Another thing that perhaps is important to note is that not everyone in need wants to be helped. Perhaps helping them will only result in paternalism or regret.

Hence why I have increasingly come to believe that there is no gold-encrusted moral code that applies to every situation imaginable. This may be needed for the state and its judicial and foreign affairs departments, but in everyday ethics, it's far more difficult operate in the world in a strict moral code. It's not moral relativism, it's just taking every situation at face value and evaluating them as such. We need a general transcendental value system (pain=bad, pleasure=good), but any specific value systems are going to need to be enacted here and there.

This, of course, has a certain connection to my own antinatalism, which I have also increasingly come to believe isn't a good term for my beliefs. Antinatalism seems to imply the support of the political institutionalization of a law - the state-sanctioned impermissibility of birth.

In some sense, I am supportive of this. But only in certain cases, usually the extreme ones. If you have a seriously bad genetic disorder, don't fucking have a kid. It won't make you're life better, it'll just make another miserable person that adds to the overall disvalue of the world.

But in the other sense, the world and its inhabitants are largely mediocre, and it's far too optimistic for my liking to believe that anything major is ever going to change by our own hand. Do I condone birth? No. Should I condemn it? Eh..."whatever"... you might as well expect the Sun to disappear tomorrow. What also is the case is that sometimes a life can in fact make up for the inherent crappiness of life in general. It's a possibility. Parents who believe their children will be the next Bill Gates or some shit are a bit delusional...but every now and then there's a success story. So it's some small condolence to myself to know that there's a chance things will turn out alright, even if it's not really a good reason to have a kid in the first place.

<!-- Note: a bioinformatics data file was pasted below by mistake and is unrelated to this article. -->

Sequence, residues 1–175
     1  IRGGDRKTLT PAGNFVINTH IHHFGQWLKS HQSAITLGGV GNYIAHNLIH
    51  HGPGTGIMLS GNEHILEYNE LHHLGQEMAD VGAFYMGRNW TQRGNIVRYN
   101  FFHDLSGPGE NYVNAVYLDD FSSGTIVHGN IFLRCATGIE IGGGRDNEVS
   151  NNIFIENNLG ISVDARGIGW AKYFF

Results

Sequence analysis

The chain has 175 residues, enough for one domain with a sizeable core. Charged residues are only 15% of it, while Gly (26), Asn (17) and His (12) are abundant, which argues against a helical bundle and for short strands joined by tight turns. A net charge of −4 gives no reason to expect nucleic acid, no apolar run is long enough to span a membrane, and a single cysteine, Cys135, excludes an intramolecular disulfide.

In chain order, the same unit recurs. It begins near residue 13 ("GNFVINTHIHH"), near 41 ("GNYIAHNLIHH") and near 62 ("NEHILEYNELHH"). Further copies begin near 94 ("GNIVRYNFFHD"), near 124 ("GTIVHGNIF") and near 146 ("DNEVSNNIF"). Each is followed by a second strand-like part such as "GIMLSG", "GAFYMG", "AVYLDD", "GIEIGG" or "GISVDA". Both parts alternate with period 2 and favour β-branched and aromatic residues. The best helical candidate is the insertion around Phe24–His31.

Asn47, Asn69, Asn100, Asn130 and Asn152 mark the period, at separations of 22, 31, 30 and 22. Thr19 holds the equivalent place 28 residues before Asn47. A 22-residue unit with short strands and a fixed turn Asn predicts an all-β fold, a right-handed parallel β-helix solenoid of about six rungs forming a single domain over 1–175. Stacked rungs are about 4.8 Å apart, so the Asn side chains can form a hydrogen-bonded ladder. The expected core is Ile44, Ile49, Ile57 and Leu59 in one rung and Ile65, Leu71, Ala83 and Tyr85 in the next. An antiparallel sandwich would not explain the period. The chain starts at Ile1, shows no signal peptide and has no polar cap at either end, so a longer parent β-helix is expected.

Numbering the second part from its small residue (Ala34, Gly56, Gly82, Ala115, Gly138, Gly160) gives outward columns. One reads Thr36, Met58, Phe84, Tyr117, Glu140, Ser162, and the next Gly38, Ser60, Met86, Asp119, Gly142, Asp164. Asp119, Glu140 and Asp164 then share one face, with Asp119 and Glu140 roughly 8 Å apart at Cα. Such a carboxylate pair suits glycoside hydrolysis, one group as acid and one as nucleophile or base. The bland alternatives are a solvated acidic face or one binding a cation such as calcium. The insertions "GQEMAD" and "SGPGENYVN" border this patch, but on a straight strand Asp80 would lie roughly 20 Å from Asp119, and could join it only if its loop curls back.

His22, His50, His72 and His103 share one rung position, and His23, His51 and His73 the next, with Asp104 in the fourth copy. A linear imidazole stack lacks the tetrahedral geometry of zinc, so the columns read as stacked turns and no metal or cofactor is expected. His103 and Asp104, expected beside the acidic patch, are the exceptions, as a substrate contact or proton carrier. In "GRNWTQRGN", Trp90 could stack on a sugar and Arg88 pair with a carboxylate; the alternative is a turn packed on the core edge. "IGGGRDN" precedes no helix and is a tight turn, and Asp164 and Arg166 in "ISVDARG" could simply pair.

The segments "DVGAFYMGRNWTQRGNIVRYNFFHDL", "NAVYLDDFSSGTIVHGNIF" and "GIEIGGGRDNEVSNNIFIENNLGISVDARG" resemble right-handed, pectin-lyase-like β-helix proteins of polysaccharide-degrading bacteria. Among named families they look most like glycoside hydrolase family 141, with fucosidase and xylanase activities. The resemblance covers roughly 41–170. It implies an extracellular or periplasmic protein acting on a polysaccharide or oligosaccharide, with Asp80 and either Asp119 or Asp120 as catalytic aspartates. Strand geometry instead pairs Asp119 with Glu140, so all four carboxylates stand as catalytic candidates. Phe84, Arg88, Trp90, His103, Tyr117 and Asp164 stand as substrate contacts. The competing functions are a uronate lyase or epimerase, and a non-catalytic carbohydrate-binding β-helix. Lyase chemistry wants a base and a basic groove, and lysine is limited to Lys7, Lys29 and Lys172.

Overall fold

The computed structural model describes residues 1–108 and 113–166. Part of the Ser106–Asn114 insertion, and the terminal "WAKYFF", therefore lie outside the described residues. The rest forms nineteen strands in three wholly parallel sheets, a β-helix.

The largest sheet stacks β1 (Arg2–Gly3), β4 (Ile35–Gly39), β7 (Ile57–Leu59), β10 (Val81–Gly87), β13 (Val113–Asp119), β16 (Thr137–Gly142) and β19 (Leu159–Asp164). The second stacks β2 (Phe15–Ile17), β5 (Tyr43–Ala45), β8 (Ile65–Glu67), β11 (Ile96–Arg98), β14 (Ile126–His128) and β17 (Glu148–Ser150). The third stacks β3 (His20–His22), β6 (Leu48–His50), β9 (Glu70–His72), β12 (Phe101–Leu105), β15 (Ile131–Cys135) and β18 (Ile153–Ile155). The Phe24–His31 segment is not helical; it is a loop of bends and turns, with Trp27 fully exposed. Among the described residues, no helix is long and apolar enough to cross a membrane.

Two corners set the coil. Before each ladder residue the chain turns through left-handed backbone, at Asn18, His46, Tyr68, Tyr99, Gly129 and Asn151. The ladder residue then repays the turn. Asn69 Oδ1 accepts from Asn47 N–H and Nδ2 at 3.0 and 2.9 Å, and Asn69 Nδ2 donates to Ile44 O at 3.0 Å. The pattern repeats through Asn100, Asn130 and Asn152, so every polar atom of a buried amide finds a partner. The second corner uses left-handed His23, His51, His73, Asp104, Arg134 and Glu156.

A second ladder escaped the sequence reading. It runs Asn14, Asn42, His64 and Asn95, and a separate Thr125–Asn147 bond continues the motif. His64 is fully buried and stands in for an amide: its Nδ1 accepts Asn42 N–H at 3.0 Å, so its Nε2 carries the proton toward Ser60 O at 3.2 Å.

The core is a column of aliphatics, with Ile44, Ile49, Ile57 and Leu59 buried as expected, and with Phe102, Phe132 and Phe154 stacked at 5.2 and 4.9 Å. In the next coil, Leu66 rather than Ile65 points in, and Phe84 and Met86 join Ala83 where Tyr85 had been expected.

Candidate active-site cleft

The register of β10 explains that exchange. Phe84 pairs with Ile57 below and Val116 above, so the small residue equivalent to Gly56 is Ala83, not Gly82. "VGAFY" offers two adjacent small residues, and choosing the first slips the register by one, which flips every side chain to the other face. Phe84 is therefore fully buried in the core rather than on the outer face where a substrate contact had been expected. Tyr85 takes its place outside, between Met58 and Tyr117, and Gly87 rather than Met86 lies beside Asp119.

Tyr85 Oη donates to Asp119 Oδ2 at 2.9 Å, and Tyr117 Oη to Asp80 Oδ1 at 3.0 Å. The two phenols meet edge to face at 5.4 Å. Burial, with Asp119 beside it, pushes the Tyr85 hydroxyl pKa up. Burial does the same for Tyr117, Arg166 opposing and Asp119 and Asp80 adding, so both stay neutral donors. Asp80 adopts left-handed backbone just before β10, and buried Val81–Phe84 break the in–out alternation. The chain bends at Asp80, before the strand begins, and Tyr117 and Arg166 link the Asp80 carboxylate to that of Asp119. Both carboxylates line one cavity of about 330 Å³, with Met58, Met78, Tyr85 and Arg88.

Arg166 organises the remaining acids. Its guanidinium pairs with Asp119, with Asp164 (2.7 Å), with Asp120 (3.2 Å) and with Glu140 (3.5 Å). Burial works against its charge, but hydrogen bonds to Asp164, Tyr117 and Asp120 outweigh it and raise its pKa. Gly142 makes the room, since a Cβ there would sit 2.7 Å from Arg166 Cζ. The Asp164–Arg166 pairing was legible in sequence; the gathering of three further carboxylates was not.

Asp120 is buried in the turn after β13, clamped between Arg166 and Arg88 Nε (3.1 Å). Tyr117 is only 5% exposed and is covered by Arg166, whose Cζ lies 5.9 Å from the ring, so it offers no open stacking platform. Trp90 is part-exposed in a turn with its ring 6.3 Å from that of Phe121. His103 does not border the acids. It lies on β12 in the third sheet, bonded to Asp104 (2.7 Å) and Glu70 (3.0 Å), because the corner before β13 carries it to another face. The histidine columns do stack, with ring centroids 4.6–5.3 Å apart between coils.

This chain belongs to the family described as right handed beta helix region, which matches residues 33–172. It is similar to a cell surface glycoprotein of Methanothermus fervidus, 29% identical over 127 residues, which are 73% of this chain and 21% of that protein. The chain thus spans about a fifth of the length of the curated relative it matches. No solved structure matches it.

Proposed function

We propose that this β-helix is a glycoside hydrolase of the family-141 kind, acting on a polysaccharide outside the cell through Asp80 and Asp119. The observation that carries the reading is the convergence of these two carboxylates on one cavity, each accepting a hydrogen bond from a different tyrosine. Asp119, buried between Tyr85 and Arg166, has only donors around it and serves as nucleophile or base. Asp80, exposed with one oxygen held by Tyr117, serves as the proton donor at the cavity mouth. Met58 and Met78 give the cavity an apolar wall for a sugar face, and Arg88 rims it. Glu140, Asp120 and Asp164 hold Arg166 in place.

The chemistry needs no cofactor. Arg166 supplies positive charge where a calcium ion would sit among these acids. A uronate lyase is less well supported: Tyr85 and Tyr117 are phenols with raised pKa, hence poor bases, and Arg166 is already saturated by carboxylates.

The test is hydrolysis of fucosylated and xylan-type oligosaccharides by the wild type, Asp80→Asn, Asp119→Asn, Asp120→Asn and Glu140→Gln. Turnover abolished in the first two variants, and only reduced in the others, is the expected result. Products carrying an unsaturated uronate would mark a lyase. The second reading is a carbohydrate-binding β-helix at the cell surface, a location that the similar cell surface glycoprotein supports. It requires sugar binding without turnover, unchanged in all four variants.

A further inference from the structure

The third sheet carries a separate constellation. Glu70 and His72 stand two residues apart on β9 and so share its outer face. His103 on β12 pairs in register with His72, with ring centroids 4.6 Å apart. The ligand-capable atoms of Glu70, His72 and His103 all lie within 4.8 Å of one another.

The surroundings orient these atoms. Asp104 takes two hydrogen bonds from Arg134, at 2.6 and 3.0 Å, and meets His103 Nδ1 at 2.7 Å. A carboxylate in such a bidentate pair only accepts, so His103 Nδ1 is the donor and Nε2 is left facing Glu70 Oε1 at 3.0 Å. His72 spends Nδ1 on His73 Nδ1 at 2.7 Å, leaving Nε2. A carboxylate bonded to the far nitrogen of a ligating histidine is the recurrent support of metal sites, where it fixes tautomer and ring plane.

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On a different tangent, somewhat related to one of my previous posts on how not give a fuck, are the possession of cyanide teeth (i.e. suicide pills) a rational response to the existential predicament of a human being?

Today may be the day you're driving down the road and get impaled by a metal rod in a freak accident. You're in excruciating pain and know that you will die. The next minute or so of your life is filled with absolutely pointless, overwhelming pain. Might you be better off by biting down on a cyanide capsule and ending it quicker?

Elsewhere on the internet, you will find antinatalists and other pessimists discussing the rationality of precautionary suicide - that is, killing yourself so you don't experience really bad episodes of pain. It's pretty self-evident that the worst-case scenario is larger in magnitude and intensity than the best-case scenario, and there's always a chance that a worst-case scenario will occur. So although the avoidance of good scenarios is a bad, the prevention of really bad scenarios would make up for it. Everyone seems to believe that they have a good reason to live: all those future pleasures in their various forms that they'll experience. But nobody seems to realize that they have a good reason to die, if not a better reason to die: all those future pains in their various forms that they'll experience.